I came across Aditya Mukherjee’s new book entitled Boomtown and as Murali D explains in the interview with the author, this is “…a story of food, friendship, romance, and the adventure of entrepreneurship, with four friends coming together for starting a restaurant chain”.
The interesting part about this interview is when the journalist ask the author “what is cultural entrepreneurship?”. I quote this answer from the article below:
[…] “The term cultural entrepreneurship applies to the creation of any product or service that primarily targets our tastes, and that is an expression of our tastes, whether it’s our taste in fashion, movies, music, stories, games, cuisine, or opinions. A newspaper is part of media; but I’d say a magazine like People or Vanity Fair would be part of the cultural industry.
What we have to understand is that culture, more than almost any other industry, is almost always in the private domain; only in very unfortunate countries is culture significantly done by the public sector. So, culture is produced by private individuals who spend effort creating it, marketing it, and try to make a living by selling it. These industries are well set, though most run on low margins and the companies involved are primarily small, and universally cash-strapped. So, culture is a hotbed of entrepreneurship.” […]
Read the full article here to see how the author explains how is Cultural Entrepreneurship spreading in India.
A presentation by Alice Loy, PhD, Co-founder and Director of Programs at the Global Center for Cultural Entrepreneurship.
<div style=”margin-bottom:5px”> <strong> <a href=”https://www.slideshare.net/aliceloy/why-we-invest-in-cultural-entrepreneurs” title=”Why we invest in cultural entrepreneurs” target=”_blank”>Why we invest in cultural entrepreneurs</a> </strong> from <strong><a href=”http://www.slideshare.net/aliceloy” target=”_blank”>Global Center for Cultural Entrepreneurship</a></strong> </div>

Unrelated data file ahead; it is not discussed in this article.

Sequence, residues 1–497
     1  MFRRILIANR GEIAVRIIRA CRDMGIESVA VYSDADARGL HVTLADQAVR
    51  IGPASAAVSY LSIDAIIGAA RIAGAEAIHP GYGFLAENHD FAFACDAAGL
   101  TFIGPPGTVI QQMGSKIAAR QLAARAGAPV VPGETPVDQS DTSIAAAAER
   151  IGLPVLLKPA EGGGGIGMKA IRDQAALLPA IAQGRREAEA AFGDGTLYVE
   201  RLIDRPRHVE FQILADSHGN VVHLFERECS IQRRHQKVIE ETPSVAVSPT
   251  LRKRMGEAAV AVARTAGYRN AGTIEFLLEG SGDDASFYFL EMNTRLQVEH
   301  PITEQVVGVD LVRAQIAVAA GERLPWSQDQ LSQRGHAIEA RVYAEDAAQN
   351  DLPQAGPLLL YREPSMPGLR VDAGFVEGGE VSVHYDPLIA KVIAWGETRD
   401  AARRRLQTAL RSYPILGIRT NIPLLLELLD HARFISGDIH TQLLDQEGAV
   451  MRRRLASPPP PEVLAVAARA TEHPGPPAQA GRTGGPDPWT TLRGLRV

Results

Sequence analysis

In the Journal of Cultural Economics (1996, Volume 20, Issue 4, pp 321-339), there is an interesting paper by Keith Acheson, Christopher J. Maule and Elizabet Filleul entitled “Cultural entrepreneurship and the Banff Television Festival”.
“Cultural entrepreneurship involves a conception, an initial launch, and a transition to an established event. Each stage generates “wicked” coordination and financial challenges. We explore this important process by examining the history of the Banff Television Festival, an annual event featuring a competition, workshops, and providing a forum for developing projects. The documentation indicates that the anticipated problems of nonprofit activities — inefficient administration, crude management systems, slow adaptation and little innovation — were not characteristic of the Banff experience. Well informed industry “customers” and patrons have established an environment which generally encouraged managerial competence and creativity. This benign result may not generalize to other cultural initiatives, in particular to those that serve the public directly and draw patronage from diverse sources.”
The paper was presented at the 9th international conference of the Association for Cultural Economics, held in Boston, May 8–11, 1996.
To get a copy, click here.